Jake Callahan, leader of the Tribe, has always believed he’s one of the good guys. Now, hunted by the government he used to work for, he’s taking a crash course in being bad. What he desperately needs is a bargaining tool, and that’s unfortunate for Christa Winters, daughter of Jake’s former boss.
Christa is a scientist, a total geek, and a good girl with a secret hankering for bad boys. Which turns out to be embarrassingly inconvenient when she’s kidnapped by a stunningly gorgeous—but obviously bad-to-the-bone—man intent on using her against the father she loves. A man with a seemingly uncanny ability to know exactly when she’s thinking about kissing him—which is most of the time.
But people are dying, and it becomes clear that the stakes are much higher than Jake ever imagined. Someone is out to obliterate the Tribe and everyone associated with it, including Christa. Only by working together to uncover the secrets behind the past, can they ever hope to have a future.
There was probably a perfectly reasonable explanation for why this man was here. He obviously knew who she was. Ergo, he probably did know her father. She’d simply call her dad up, and he’d tell her…what? She couldn’t begin to imagine.Why couldn’t he have been a strip-o-gram? She’d liked that idea.“No.” The curt word broke into her somewhat random thoughts.She shook her head. “No?”“No, you may not phone your father.” He held out his hand. “Give me the phone.”What the hell was going on? This wasn’t good. She only just resisted the urge to put her hand behind her back. Her eyes darted around the room, but she was still more confused than alarmed. She had an idea that wouldn’t last.“The phone,” he said again.“Why would I give you my phone, Mr. Callahan?”“Because I’m asking you nicely.” He opened the leather jacket and revealed a shoulder holster complete with pistol. “That could change,” he murmured.She stared at the spot long after the jacket was back in place and covering the pistol. Her mouth had fallen open. Now, she snapped it closed. She’d never in her life met anyone who wore a gun before. In fact, the only guns she had ever seen had been worn by policemen. Could he be a cop? Maybe it wasn’t a real gun. Maybe it was a prop. For his strip-o-gram act.His face formed an incredulous expression. She had no clue why—she hadn’t moved. Not an inch, since she’d seen the gun. She wasn’t sure she could move; all her muscles were locked in place. Was this what it meant to be petrified—turned to stone? She really could not move. It was quite a fascinating phenomenon. She stared down at her feet, because it meant she didn’t have to look at him, or remember the gun, tried to wiggle one toe, finally managed it.He cleared his throat, and she jumped.What were you supposed to do in situations like these? Talk to them? Make them see you as a person. “Are you going to shoot me, Mr. Callahan?”“Only if I have to.” He had a low and smooth voice, without even the hint of an accent.“Look, I have no clue what you want, but I don’t have any money—I’m not worth going to all this trouble for.” She tried to make herself look small and harmless—not difficult when she was only five-foot-two. She even tried fluttering her lashes. Any moment now, he’d start his dance routine.His eyes narrowed and a tic started in his cheek. “The phone.” His hand was still held out.She was going to have to make a run for it. She edged back a little—if she lunged to the side, she might make it past him. He took a step closer, invading her personal space, so close she caught a whiff of his scent, masculine, spicy with a hint of sweat. It was a nice smell, reminded her of something…but she couldn’t remember what. Some old memory, one that made her feel sort of warm and fuzzy and—“Jesus, would you fucking concentrate,” he growled, and she jumped again.She bit her lip. “Sorry, but I get a little distracted when I’m nervous.”“Christ, is this you nervous? I never would have guessed. Why don’t you do what I ask, and we can get the fuck out of here?”It was getting awfully late for him to start the stripping thing.“I am not a fucking strip-o-gram.”“What? How…?”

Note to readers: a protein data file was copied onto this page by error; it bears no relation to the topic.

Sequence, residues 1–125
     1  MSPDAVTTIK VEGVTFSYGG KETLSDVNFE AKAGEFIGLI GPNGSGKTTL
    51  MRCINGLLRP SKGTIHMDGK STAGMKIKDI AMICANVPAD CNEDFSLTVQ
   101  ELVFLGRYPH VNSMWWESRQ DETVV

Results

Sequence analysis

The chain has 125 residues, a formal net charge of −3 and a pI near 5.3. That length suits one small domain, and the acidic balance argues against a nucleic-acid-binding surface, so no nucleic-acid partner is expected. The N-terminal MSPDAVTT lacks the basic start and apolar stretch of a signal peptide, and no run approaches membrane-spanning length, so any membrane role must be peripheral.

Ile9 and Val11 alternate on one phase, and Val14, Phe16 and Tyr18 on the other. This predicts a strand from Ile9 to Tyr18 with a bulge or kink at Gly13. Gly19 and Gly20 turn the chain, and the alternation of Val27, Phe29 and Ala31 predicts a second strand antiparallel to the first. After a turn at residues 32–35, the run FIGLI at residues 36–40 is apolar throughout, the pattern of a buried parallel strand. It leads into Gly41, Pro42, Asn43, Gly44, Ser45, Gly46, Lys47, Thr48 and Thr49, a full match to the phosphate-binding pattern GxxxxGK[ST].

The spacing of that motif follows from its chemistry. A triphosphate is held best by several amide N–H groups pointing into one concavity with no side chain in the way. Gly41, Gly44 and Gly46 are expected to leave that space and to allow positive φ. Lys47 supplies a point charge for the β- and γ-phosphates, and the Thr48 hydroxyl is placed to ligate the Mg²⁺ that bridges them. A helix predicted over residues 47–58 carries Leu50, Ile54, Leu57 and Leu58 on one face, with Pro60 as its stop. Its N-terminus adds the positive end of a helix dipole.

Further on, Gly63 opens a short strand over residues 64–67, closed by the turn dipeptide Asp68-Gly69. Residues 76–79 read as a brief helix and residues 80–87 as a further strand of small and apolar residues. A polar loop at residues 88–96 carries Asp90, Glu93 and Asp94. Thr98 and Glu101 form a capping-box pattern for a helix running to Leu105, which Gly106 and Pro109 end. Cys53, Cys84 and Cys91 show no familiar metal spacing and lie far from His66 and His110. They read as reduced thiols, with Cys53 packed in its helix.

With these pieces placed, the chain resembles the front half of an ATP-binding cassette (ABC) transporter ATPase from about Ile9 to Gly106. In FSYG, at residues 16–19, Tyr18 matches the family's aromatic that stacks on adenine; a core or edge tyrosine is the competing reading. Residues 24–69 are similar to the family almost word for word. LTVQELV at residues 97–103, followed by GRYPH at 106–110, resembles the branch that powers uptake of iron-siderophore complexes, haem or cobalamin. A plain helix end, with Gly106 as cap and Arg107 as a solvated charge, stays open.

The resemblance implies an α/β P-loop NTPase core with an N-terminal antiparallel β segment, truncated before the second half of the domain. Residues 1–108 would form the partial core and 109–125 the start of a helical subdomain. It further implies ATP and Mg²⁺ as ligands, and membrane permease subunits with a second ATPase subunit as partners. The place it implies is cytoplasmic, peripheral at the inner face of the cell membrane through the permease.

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About Nina Croft:
Growing up in the cold, wet, north of England, Nina Croft spent a lot of time dreaming of faraway sunnier places and ponies. When she discovered both, along with a whole load of other things, could be found between the covers of a book, her life changed forever.
Later, she headed south, picked up the perfect husband along the way, and together they volunteered to work in Africa. There they discovered a love of exotic places and a dislike of 9-5 work. Afterward they spent a number of years travelling (whenever possible) intermingled with working (whenever necessary.) Eventually they stumbled upon a remote area in the mountains of southern Spain and the small almond farm they now call home.
Nina spends her days reading, writing and riding her mare, Gencianna, under the blue Spanish skies—sunshine and ponies. She reckons this is proof that dreams really can come true if you want them enough.
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